It took him longer to put on and remove his protective gear than it did for me to sign the three sheets of paper. He could have slipped the clipboard to me from under the curtain to save him all the hassle.
Next up, a nurse appeared, sans protective gear, to move us to the ward. She instructed me to place the adult-sized mask on the now-asleep Elliott before carrying him to our accommodation for the night. Unfortunately, between heaving a 16-kilo sleeping preschooler in front of me and a backpack behind me, I lost track of the mask somewhere during our 200-metre walk.
Relevant: Talking to your children about COVID-19
As guessed, we were placed in a private room. Thankfully, Elliott stirred but didn’t wake during the transfer and a while later, as I was preparing to settle in for the night, a different nurse walked in, fully dressed in gown, mask and gloves.
“I’m here to give Elliott his next dose of salbutamol,” he told me.
As mentioned, we had gone through the same routine just three weeks earlier. And back then, the nurses would casually come in (with no protective gear) and quietly give Elliott the required doses while he was still sleeping. Elliott would wake up, but once he knew I was nearby and held my hand, either calmed down or fell back asleep. That was then.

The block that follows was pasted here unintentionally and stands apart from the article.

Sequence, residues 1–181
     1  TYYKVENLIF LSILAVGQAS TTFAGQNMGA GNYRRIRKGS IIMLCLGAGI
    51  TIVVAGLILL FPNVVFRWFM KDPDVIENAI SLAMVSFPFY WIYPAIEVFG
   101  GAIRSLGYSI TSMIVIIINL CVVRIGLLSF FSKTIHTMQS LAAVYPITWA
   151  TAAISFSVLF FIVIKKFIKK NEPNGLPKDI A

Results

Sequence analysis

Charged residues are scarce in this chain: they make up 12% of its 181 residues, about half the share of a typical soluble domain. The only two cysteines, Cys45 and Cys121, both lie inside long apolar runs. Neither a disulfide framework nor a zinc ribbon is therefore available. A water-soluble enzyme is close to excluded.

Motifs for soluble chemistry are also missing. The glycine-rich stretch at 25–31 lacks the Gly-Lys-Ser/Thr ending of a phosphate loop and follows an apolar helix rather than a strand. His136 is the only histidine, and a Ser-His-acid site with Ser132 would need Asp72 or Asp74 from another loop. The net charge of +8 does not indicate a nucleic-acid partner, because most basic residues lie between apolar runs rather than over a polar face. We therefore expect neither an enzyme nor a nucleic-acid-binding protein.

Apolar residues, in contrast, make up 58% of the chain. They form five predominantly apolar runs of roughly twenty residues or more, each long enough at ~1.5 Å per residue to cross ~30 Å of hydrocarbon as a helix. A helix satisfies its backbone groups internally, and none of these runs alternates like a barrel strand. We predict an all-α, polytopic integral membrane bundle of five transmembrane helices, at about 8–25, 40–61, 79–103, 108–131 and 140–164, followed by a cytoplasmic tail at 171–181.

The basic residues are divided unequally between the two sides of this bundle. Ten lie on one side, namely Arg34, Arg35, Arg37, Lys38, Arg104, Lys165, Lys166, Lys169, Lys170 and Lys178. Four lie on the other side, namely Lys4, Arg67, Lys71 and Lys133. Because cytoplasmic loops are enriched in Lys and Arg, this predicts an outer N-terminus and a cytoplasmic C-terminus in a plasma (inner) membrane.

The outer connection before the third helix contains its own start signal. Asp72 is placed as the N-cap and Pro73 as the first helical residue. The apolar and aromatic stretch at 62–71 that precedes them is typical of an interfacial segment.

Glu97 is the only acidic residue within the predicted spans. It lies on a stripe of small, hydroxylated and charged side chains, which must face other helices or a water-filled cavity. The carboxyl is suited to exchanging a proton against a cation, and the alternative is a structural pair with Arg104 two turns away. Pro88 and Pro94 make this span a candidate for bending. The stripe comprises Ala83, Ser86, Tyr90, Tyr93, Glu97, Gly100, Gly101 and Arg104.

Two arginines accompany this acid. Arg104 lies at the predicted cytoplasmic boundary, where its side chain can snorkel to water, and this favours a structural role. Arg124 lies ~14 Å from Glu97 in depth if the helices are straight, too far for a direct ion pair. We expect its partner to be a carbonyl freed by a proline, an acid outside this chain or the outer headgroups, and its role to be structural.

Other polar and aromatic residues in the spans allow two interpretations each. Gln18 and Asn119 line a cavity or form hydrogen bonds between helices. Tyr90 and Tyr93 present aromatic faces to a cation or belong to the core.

This time—and every two hours for the entire night—Elliott would wake up and scream and cry, and fight any attempt to dispense salbutamol into him. No amount of “Mummy’s here” or hand-holding made a difference because I could see the fear in his eyes, which were firmly fixed on a blurry face in the dimly-lit room, half-obscured by a mask.
Salbutamol finally dispensed, the nurses would then remove all protective gear, throwing the items into the bin just by the door in our room, and leave.
The next day, anybody who came into our room had to spend minutes putting on and taking off protective gear, including the poor people bringing us our meals and removing the used trays (the hospital provided me with meals as well since I wasn’t allowed out of the room either). Via text, I joked to my husband that the hospital would have been better off if they had installed a flap in the door so they could slide the food trays in and out, prison-style.
When the lady taking our lunch order tried to walk into our room without protective gear, she was sternly spoken to by a nurse. We reached a happy compromise where she stood a few steps out in the hallway while I stood by the door, shouting at her what I wanted.
In the midst of all of this, Elliott was having the time of his life. During our previous stay, we at least had the luxury of the paediatric ward’s playroom with new toys (to him) a plenty, and the hospital hallway to pace up and down. This time, being placed in isolation, we weren’t allowed to leave the room.
Confined to a three-metre by three-metre hospital room with one toy car and one book which we brought from home, the only way to capture a three-year-old’s attention was the TV. He was binge-watching Play School, Giggle and Hoot and various children’s shows on ABC KIDS like never before. And I mean that quite literally, since I’m fairly certain he doesn’t even know the TV at home works. Thankfully, I’ve once spoken to a digital expert who told me screentime isn’t all that bad.